A great book especially if you appreciate the wealth of minutia that Perlstein presents. He presents a very well argues thesis that Nixon's career and presidency was based on and reinforced the polarization of the USA into a liberal elite and Nixon's "orthagonians" a class of angry middle class voters whose newly comfortable life has been threatened by such liberal legislation as the Civil rights acts of the 60s. The war in Vietnam was cynically manipulated by Nixon and his administration to appeal to the jingoism of this group.The book has obvious applications to the Bush and Obama administrations, however I often wondered whether he was inferring much more than he should have from minor incidents. For example, when Bob Hope sees a much larger audience on his second trip to Da Nang to entertain the troops, he makes some jokes about the difficulty of the soldiers in the back even seeing the stage. Perlstein quoted this as an implied criticism of Nixon's policy of increasing American troop levels. It reads more like an innocuous quip about large crowds. Other sections read the same way. I have a hard job believing that Bonnie and Clyde was a significant influence on the politics of the day.Still - it is a book well worth reading.
  • (5/5)
    This is a story about the topsy-turvy era known as the roughly 1960-72 years. Pearlstein offers much salacious detail and spectacle in reconstructing the milieu within which a Nixon presidency was seemingly inevitable. Everything was burning: cities, campuses, weed, and, of course, ‘Nam. I certainly recommend this to those too young or forgetful to remember this stuff when spouting off about how everything’s going to Hell “these days” based on whatever imbecilica the local news affiliate televises nightly. As an overall theme, this is a story about the battles between Nixon’s underdog Orthogonians and the elitist Franklins. If I can correctly recall many weeks/hundreds of pages back, these were two Whittier College groups or clubs – the former hosting the typical middle to lower middle classers while the latter represented the campus elite. The Franklins consisted of the rich, handsome, popular types that Nixon increasingly loathed. Later, as his problematic Vice Presidency concludes, the Franklins become the Kennedys and, as the decade unfurls, all the vociferous, rabble-rousing figures – the Rubins, the Carmichaels – capturing media attention begin to expand this category. The Orthogonians are eventually defined by the “silent majority,” a group increasingly united against all the boisterous crap that seemingly destabilizes the nation. This is the group who’s annoyed psyche Nixon cleverly taps for his improbable political reemergence. Pearlstein then traces the first four years: the exponential increase in paranoia and resulting deceptive tactics of Nixon and Co. Despite the WTF?!? value of a term marked by such duplicitousness, I feel the author’s coverage of the decade leading up to the 1968 elections is the most important aspect of the book (and certainly the most fun to read) as it lays the groundwork for how a Nixon type – a mostly unpopular misanthrope – could negotiate a sea of malaise and discontent and rise to the highest office by fundamentally avoiding, or positing ambiguous responses to, the pointed issues of the day. NIXONLAND: The rides suck, the cotton candy is probably laced with DDT, and you might get beaten down on Main Street. At the very least we can put today’s societal annoyances in perspective.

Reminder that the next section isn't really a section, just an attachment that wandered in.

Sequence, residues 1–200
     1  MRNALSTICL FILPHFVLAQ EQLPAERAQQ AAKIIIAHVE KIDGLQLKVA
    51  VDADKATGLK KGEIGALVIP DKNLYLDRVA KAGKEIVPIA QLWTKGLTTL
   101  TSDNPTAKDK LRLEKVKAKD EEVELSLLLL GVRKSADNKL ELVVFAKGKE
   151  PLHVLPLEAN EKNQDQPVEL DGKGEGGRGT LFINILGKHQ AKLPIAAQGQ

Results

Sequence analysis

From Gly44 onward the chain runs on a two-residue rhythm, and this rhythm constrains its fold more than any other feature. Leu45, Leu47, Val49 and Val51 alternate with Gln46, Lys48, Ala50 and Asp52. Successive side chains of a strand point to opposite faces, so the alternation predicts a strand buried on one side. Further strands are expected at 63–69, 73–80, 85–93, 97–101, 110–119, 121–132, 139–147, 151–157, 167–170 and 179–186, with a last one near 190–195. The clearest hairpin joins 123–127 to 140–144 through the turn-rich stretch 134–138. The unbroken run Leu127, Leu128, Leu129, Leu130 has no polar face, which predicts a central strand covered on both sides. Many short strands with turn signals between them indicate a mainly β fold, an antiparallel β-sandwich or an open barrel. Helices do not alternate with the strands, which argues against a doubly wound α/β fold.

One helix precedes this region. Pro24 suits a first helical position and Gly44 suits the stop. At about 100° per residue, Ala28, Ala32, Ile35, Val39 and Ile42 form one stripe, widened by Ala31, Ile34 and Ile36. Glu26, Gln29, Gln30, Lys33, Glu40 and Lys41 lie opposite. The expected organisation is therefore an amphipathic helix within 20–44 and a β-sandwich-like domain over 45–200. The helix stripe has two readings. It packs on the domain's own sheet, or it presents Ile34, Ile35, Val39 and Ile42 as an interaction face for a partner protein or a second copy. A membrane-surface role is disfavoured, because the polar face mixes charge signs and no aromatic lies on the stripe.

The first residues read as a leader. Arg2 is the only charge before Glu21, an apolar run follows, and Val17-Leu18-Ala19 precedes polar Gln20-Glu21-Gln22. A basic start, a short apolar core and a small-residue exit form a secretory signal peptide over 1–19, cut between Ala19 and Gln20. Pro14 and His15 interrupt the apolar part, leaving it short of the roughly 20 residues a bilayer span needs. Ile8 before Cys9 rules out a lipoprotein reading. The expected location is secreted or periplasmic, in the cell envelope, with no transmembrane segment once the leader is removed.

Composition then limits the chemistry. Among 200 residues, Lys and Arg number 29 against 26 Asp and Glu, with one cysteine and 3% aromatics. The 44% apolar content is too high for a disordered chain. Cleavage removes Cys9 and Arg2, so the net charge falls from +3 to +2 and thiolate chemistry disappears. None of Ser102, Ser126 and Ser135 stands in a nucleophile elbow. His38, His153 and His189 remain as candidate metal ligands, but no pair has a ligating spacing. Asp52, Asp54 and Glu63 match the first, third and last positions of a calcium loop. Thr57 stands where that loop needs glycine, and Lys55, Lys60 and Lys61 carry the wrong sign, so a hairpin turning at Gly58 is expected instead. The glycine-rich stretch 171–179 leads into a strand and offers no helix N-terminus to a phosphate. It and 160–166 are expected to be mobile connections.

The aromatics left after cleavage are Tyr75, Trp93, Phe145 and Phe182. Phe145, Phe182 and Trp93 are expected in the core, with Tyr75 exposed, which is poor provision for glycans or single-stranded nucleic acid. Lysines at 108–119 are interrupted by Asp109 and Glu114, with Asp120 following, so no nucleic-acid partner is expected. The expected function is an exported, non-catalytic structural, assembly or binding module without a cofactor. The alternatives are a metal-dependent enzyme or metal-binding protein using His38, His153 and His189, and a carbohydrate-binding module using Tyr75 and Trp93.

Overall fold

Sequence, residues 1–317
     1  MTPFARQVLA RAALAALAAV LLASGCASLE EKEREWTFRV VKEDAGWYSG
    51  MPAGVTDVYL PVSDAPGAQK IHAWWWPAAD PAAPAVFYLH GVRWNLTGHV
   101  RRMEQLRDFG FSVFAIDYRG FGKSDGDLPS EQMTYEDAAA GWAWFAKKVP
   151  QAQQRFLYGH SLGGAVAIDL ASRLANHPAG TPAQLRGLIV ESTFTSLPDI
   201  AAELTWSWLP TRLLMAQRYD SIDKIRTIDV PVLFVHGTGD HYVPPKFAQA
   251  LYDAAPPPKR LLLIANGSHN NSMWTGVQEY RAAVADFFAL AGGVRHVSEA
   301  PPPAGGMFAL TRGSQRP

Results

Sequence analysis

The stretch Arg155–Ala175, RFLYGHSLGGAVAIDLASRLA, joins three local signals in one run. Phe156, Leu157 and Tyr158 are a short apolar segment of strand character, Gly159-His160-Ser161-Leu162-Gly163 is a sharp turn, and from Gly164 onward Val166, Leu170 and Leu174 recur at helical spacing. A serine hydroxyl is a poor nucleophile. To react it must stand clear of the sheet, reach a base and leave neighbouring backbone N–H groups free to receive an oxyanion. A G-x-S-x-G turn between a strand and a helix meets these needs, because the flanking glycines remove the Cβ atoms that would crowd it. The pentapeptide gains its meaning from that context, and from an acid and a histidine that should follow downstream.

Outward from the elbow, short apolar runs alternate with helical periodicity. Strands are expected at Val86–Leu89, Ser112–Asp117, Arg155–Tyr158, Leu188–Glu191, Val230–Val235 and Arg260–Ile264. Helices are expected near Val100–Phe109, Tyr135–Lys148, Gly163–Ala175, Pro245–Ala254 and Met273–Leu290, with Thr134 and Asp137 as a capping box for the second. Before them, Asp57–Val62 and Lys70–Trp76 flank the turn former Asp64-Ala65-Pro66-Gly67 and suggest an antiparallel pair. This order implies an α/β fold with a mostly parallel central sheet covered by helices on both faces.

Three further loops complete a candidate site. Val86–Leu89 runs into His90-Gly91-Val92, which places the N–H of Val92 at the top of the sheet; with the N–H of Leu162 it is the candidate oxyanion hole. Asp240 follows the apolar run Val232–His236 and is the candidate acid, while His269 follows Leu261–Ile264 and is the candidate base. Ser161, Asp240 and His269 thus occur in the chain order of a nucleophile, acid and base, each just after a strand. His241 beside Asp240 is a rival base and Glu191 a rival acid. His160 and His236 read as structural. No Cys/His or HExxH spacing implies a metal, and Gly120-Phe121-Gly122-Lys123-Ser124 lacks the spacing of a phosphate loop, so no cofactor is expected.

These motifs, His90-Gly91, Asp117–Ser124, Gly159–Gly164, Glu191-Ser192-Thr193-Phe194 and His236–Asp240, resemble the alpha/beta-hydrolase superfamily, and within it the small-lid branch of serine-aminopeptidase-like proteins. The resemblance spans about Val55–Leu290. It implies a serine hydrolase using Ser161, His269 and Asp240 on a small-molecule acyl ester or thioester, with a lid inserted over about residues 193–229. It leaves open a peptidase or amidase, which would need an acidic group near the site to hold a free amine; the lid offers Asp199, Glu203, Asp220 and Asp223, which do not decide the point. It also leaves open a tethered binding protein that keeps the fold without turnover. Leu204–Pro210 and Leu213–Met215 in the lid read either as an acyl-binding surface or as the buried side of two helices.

• (5/5)
    Excellent account of how Nixon and the right wing exploited white fear and resentment in the 1960s in response to 30 years of New Deal/Great Society policies. Also gives great insight to Nixon's insecurites and paranoia. Shows how tactics and strategies first honed by Nixon have contributed mightily to the polarization we have in today's political climate.
  • (4/5)
    Whew, what a tome! Nixonland is a factual, insightful book about the turbulent 1960's and the divisiveness that arose in the politics in the United States. I was fascinated by Nixon's political career, the way he was able to set an "us against them" tone to his rhetoric, how his lust for power led to the inevitable and infamous Watergate, and how he felt victimized throughout his presidency. A great read.
  • (4/5)